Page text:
Second, the internet opens up a world of information to the writer. Technical journals, research white papers and all manner of documentation from universities, government agencies and other credible sources (emphasis on the word credible) are free for the asking, and easily discovered thanks to user-friendly search engines such as Google or Cross-checking any references is quick and easy as well; second opinions with regard to most material is advised, as every academic setting has its share of  kooks and cranks on the payroll. Remember Professor Timothy Leary’s advocacy of LSD use in order to “expand consciousness?” If you do, you probably didn’t follow his advice; most of the people who did are either dead from one of those “bad trips” or have brain cells so burned out from drug use that they can’t remember where they are today, let alone what they did during the sixties.

Third, the local library and its hard-working librarians are the “low tech” answer to the problem of research.  Books, periodicals and encyclopedias are still a bedrock of research materials, and the librarian can direct a researcher to the material that answers obscure questions, such as “What kind of poison doesn’t show up on an autopsy?” (A writer may want to preface that question with, “I’m writing a novel, and need to know....” lest the librarian jump to an erroneous conclusion.)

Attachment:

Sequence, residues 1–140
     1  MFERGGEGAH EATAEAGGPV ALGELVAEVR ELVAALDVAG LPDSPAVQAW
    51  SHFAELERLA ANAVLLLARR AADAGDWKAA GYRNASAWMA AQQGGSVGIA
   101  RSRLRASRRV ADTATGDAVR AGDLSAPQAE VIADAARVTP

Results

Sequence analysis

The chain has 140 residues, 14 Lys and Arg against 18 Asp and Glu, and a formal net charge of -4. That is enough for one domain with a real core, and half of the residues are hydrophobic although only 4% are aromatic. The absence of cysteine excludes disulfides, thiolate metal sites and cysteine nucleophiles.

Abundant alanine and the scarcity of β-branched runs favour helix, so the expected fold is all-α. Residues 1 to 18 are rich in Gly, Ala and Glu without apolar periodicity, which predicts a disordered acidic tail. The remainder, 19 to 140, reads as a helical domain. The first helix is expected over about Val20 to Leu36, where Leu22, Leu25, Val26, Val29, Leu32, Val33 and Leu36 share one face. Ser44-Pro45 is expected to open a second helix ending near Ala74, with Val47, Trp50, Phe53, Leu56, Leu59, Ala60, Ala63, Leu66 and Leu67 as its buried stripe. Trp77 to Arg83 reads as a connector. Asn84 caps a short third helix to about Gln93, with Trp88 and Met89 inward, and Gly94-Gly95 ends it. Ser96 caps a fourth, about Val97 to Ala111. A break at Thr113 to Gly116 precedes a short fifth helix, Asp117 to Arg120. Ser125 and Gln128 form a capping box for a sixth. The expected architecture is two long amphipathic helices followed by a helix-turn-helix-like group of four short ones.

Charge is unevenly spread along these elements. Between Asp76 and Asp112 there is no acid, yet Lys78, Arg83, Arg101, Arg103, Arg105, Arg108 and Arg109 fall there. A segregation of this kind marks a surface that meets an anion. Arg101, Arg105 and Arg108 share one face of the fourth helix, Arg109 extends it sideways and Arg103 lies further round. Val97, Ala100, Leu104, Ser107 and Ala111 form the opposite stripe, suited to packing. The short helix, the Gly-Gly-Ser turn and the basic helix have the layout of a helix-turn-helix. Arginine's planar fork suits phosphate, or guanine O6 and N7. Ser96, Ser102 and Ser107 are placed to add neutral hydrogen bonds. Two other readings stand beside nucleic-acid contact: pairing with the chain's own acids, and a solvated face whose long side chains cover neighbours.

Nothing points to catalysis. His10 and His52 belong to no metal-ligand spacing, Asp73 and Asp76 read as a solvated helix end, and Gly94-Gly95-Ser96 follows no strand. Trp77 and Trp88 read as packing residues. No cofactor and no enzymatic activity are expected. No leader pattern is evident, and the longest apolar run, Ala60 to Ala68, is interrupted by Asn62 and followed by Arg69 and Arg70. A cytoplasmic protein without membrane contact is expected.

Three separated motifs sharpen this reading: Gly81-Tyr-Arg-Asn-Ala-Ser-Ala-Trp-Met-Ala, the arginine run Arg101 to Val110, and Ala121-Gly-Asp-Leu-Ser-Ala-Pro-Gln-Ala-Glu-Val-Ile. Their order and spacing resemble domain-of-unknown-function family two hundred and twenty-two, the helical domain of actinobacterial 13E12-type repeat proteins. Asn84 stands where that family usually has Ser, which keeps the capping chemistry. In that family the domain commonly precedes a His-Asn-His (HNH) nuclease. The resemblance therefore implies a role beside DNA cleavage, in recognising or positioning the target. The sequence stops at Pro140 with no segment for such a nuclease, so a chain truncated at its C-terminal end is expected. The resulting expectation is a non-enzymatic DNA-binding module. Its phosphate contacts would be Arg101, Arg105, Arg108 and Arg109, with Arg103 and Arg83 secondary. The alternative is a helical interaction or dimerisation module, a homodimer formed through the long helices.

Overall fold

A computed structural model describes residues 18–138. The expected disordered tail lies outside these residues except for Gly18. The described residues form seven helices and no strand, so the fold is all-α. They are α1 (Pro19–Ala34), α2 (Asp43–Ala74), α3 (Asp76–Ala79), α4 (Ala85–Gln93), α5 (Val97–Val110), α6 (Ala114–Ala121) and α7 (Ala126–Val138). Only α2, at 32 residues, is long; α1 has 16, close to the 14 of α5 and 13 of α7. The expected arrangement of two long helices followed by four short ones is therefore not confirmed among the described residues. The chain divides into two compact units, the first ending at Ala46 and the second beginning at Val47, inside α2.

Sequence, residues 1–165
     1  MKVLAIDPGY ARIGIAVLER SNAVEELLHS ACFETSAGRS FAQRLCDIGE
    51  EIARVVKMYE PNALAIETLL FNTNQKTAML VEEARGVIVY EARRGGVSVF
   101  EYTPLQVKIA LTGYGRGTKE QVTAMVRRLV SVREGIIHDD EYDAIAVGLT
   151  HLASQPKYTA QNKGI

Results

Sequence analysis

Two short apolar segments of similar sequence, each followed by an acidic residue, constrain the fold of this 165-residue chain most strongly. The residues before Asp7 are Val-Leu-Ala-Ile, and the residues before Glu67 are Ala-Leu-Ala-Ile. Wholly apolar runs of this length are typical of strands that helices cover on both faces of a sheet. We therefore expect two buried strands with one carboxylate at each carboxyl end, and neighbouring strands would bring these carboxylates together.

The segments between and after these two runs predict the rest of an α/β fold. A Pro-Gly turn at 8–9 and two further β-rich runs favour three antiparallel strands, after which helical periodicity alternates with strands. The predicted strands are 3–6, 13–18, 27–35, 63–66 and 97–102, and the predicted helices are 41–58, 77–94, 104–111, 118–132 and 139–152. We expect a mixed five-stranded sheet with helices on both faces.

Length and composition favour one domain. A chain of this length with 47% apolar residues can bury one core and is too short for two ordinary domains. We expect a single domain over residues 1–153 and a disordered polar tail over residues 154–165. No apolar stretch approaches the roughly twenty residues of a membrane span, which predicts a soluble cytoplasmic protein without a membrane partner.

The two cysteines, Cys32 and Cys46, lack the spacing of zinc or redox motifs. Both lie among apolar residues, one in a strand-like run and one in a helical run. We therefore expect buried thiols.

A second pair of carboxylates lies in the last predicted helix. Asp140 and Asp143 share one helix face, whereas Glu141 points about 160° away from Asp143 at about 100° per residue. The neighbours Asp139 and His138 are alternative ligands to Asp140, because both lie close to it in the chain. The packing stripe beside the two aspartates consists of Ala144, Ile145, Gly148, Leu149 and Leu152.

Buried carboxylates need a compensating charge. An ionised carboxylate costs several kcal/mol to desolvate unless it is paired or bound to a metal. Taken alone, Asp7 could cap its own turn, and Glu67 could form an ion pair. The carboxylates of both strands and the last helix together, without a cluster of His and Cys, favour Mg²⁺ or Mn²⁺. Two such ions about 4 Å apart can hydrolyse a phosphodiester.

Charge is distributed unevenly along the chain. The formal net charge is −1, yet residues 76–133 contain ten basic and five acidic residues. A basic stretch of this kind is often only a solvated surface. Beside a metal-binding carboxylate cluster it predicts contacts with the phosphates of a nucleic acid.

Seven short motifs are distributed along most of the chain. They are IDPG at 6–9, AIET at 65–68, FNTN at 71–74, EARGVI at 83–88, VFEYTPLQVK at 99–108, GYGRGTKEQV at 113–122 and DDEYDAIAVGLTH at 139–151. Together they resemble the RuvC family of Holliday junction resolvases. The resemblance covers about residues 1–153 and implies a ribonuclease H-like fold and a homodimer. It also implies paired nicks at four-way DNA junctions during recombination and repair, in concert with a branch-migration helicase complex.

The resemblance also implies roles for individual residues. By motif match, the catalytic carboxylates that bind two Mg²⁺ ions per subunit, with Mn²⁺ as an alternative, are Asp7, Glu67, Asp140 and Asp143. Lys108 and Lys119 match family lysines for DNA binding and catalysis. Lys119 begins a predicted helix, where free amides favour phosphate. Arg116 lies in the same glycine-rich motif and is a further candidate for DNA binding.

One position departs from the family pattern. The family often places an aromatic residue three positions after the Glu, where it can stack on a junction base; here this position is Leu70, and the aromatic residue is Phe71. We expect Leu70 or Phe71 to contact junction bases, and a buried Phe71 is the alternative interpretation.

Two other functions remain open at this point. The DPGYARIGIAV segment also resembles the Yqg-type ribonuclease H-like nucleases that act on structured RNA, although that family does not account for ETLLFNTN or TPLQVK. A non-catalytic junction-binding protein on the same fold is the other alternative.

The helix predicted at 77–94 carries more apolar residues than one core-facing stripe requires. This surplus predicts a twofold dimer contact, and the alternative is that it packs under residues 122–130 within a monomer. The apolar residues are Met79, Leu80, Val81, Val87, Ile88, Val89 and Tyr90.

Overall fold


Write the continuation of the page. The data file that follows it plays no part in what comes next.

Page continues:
Finally, interviews with people who have been there and done that are highly informative and not all that difficult to accomplish. In general, people love to talk about themselves; the difficulty may come in finding the person who has the skills, background or experience you are seeking. However, networking opportunities abound, either face to face or via the Internet. Sometimes, the people next door will be the best resource. For example, in a synagogue I once attended there were 1) two Holocaust survivors, one of whom had personal interaction with Dr. Mengele,  2) several middle-eastern families who were “displaced” thanks to government takeovers by Islamic fundamentalists in their respective countries of Iran and Iraq, 3) one of the first female members of the United States Marine Corps, and 4) a renown professor of pediatric psychology who, ironically, was considered the “black sheep” in his family because he chose academia over running the family business.  Thirty minutes worth of listening to their stories is worth as much as several hours of academic research, and puts a human face on the concepts a writer is attempting to convey.